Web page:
shifter are reported, and the results from simulations and
measurements are compared and discussed. Then, to widen
the operating bandwidth, a multistage NGD pure phase shifter
was designed. The simulations showed a -45° constant
transmission phase over the 3.1-10.6 GHz band with a gain
within 2 and 5.5 dB and return losses better than 9dB. The
advantages and limitations of this technique are discussed and
some improvements are considered.
hal-00524304, version 1 - 7 Oct 2010
Author manuscript, published in "40th European Microwave Conference, Munich : Germany (2010)"
DOI : 10.978-2-87487-016-3 © 2010 EuMA
II. ACTIVE NGD CELL THEORY
The NGD unit cell, required by the design principle of the
proposed phase shifter, simply consists of an RLC series
network in cascade with a FET .
Fig. 1. Unit cell of active NGD circuit and its low frequency model.
In , by considering the low frequency model of the FET,
i.e. a voltage-controlled
transconductance, gm, in cascade with the drain-source resistor,
Rds, simple analytical expressions for the S-parameters of this
cell were obtained. Moreover, it was demonstrated
theoretically and experimentally that the group delay is always
negative at the resonance frequency,
where Z0 = 50 Ω is the reference impedance port. For a given
FET, the cell may also generate gain under certain conditions
of compromise between L and C:
Indeed, by inverting these equations, the network synthesis
equations are expressed as:
where S21 = |S21(ω0)| and the group delay
objectives. C is simply deduced from the resonance frequency:
C = 1/(Lω0
A series resistor is usually used to match the output access and
a parallel one for the input access.
current source with a
ωτ τ =
III. PRINCIPLE AND DESIGN OF FREQUENCY-INDEPENDENT
The proposed topology of the frequency-independent phase
shifter is depicted in Fig. 2. In fact, a positive group delay
(PGD) circuit, for example a transmission line, is cascaded
with a negative group delay circuit. To get a frequency-
independent transmission phase, the group delay values of the
PGD and the NGD devices must be alike, but of opposite sign.
Theoretically, the total group delay is then close to zero. It
also corresponds to cascading devices with identical phase
slope of opposite signs to achieve an overall constant phase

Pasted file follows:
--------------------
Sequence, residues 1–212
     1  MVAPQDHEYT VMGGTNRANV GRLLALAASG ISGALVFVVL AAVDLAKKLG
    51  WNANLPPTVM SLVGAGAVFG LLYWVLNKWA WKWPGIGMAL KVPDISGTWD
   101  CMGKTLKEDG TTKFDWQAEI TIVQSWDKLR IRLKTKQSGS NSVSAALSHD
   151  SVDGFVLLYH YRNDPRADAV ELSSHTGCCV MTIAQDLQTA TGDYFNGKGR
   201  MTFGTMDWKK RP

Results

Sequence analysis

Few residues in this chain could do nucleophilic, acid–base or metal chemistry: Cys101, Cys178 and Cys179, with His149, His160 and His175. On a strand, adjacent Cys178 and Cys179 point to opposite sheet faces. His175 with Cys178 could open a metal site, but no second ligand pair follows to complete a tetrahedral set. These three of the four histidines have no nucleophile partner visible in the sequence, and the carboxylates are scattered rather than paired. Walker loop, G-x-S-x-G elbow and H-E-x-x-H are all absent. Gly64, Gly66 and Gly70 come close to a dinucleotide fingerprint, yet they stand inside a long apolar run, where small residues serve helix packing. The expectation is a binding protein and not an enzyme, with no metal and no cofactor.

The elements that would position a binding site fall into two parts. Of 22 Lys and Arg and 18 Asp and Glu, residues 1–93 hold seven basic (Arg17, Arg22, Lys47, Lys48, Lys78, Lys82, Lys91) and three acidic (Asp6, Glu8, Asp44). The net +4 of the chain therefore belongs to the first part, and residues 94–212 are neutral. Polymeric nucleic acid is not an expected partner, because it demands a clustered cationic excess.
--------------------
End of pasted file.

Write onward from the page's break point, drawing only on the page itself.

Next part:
value over a specified frequency band.
Fig. 2. Bloc diagram of the proposed phase shifter.
A. Design and Validation of a One Stage 90° Pure Phase
As proof-of-concept circuit, a one stage phase shifter (PS)
 was designed by first using the synthesis relations. A
single NGD cell presents at its resonance a phase shift close to
180° (Fig. 3) due to the drain-source current direction. Then,
to achieve the objective of 90°, the line length is set in a value
such that its phase shift is around -90° at this particular
Fig. 3. Transmission phases of the transmission line and of the NGD cell.
1.25 1.501.75 2.00 2.25 1.002.50
Group Delay (ps)
S21 phase (deg)
Fig. 4. NGD cell-, transmission line- and both cascaded-group delays;
cascaded (PGD+NGD) transmission phase.
TL (PGD) group delay
NGD cell group delay
(PGD+NGD) group delay
hal-00524304, version 1 - 7 Oct 2010
Then, the NGD positive phase slope is optimized to get the
opposite of the line one over the widest frequency band. Figs.
3 and 4 illustrate this principle: Fig. 3 shows the simulated
PGD and NGD transmission phases and Fig. 4 depicts the
group delays of the three circuits (PGD, NGD and PGD+NGD)
s well as the overall simulated transmission phase. Finally, a
final slight optimization under an EM software was performed
by taking into account the transistor and the passive
component S-parameters. This circuit was implemented in
planar microstrip technology and biased by a classical passive
Fig. 5. Detailed schematic of the 90° phase shifter: PHEMT EC2612 FET
(gm = 98.14 mS and Rds = 116.8 Ω, bias network in thin lines (Vgs = -0.1 V,
Vds = 3 V, Ids = 30 mA). R1 = 51 Ω, R2 = 22 Ω, R = 33 Ω, L = 4.7 nH, C = 1 pF,
Cb = 22 µF, Lb = 220 nH, Rb = 1 kΩ. ansmission lines, TL: w = 952 µm and
d = 6.2 mm.
Figs. 6 and 7 compared simulation (run under Momentum